5

I am trying to write a script that has the purpose to parallelize an execution (a program that creates some files) running the processes in background and, when all commands in the for loop are done, will perform an extra command (namely move all produced files in another folder). This is what I came out with for the moment:

#!/bin/bash

for f in ./lqns/*.lqn
do
    java -jar DiffLQN.jar $f &
done
mv ./lqns/*.csv csvs

The parallelism works, but they never reach the mv line and the terminal waits and doesn't return. Why is it not returning? How do I fix this?

Maybe the problem is the & of the final for instance? Because it waits for another command but there's nothing more? Even if adding the mv line I thought would have solved it...

4
  • 1
    Does it not run, or does it run immediately, before the (presumably) output csv files are generated?
    – terdon
    Nov 25 '21 at 11:08
  • The csvs files are created correctly in the lqns folder. I wish the execution to reach the mv line and then return but it simply stays on hold without moving the files in the csvs folder.
    – Robb1
    Nov 25 '21 at 11:17
  • 1
    Yes, but are the csv files created by the java command? The thing is that your mv will run almost immediately: since all your processes are sent to the background, the loop will exit in milliseconds and the mv will be run immediately. So if the csv files are generated by the java commands, the mv won't find anything to copy. Is that what is happening?
    – terdon
    Nov 25 '21 at 11:22
  • Oh you are right! I didn't think about that. Yes, the java command generates the csv files but the mv command doesn't do anything... So that is definitely the explanation. How do I ensure that the mv command is run only after all java commands finished the execution?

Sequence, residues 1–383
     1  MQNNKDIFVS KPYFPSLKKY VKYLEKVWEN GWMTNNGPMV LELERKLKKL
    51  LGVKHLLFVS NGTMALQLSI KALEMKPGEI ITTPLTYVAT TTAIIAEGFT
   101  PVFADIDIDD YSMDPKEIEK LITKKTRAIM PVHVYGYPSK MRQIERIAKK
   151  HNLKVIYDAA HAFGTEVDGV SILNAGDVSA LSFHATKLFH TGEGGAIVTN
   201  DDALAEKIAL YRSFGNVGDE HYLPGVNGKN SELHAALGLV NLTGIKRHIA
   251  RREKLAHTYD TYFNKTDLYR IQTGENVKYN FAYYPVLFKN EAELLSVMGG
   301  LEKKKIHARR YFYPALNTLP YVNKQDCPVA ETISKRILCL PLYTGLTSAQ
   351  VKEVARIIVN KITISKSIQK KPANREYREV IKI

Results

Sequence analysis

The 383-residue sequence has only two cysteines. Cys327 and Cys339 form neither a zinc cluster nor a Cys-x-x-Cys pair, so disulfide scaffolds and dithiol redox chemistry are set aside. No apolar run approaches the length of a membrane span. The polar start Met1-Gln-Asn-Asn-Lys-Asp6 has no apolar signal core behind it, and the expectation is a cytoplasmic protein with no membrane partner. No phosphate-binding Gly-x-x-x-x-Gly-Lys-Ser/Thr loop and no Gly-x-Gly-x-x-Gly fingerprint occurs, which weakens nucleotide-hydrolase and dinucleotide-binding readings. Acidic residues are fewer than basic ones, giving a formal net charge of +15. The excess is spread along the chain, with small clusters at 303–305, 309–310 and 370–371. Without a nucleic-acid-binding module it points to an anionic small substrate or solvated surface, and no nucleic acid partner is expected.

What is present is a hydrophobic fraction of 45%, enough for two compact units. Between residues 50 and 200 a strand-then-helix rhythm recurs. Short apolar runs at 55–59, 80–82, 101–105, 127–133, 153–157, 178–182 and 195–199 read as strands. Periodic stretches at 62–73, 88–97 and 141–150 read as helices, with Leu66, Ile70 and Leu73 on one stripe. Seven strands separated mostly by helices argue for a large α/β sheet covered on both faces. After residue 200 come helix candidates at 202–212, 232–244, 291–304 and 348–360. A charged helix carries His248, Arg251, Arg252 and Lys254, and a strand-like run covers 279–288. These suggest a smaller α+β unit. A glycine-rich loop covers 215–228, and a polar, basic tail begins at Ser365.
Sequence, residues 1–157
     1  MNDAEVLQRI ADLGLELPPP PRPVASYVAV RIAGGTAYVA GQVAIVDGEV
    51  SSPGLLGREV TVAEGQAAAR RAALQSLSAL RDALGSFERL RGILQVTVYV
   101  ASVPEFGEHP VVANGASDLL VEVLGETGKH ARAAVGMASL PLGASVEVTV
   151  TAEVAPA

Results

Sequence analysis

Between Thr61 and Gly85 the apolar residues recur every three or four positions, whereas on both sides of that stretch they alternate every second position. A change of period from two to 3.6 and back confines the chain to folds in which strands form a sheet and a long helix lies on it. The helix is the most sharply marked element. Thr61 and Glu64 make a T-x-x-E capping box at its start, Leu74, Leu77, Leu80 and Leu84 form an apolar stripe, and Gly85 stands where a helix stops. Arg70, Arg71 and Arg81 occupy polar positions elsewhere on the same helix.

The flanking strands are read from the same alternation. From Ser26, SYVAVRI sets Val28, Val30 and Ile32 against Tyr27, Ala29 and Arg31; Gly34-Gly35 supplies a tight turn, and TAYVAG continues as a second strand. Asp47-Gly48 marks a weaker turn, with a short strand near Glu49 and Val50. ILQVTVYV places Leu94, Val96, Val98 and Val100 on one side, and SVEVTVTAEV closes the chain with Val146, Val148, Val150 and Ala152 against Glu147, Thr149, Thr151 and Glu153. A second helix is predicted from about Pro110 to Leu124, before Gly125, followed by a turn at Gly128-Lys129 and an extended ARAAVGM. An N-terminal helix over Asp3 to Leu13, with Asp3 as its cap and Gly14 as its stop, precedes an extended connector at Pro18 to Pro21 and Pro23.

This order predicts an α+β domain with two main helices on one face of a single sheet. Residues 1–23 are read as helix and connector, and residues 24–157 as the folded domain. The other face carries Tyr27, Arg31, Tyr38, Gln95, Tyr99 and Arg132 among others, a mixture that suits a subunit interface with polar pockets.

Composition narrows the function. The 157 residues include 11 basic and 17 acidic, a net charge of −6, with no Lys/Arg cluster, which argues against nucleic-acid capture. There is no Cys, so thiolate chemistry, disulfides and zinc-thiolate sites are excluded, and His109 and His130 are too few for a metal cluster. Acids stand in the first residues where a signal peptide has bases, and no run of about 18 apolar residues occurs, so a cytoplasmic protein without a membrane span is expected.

– Robb1
    Nov 25 '21 at 11:33
8

If the csv files are generated by the java command, this will fail because the mv will run before any files have been generated. Since all java processes are sent to the background, the loop will finish almost immediately, so the script continues to the mv which finds no files to move and so does nothing.

A simple solution is to use wait. From help wait (in a bash shell):

$ help wait 
wait: wait [-fn] [-p var] [id ...]
    Wait for job completion and return exit status.
    
    Waits for each process identified by an ID, which may be a process ID or a
    job specification, and reports its termination status.  If ID is not
    given, waits for all currently active child processes, and the return
    status is zero.  If ID is a job specification, waits for all processes
    in that job's pipeline.

The relevant bit here is "If ID is not given, waits for all currently active child processes". This means that you can just add wait after your loop and that will make the script wait until all child processes are finished before continuing:

#!/bin/bash

for f in ./lqns/*.lqn
do
    java -jar DiffLQN.jar "$f" &
done

wait

mv ./lqns/*.csv csvs

Alternatively, you can combine the java and mv commands:

#!/bin/bash

for f in ./lqns/*.lqn
do
    java -jar DiffLQN.jar "$f" && mv /lqns/*.csv csvs &
done

Another, possibly better, option is to use GNU parallel (which should be in the repositories of whatever operating system you are running), a tool designed for precisely this sort of thing. With it, you could do:

parallel java -jar DiffLQN.jar ::: ./lqns/*.lqn
mv ./lqns/*.csv csvs
2
  • Adding wait worked perfectly! Thank you very much. Just a curiosity: why do you think the implementation with parallel could be better?
    – Robb1
    Nov 25 '21 at 11:57
  • 3
    @Robb1 because it is an incredibly powerful and versatile tool. You can tell it to only run N processes at a time, and even pass it a file with the number of processes to run in parallel and changing the number in the file lets you change the number running without stopping and restarting. It has great tools for collecting the files you want as input (note how your whole script became just two commands), it can spread load across multiple computers on the same network, it's just a much better and more powerful tool.
    – terdon
    Nov 25 '21 at 12:01

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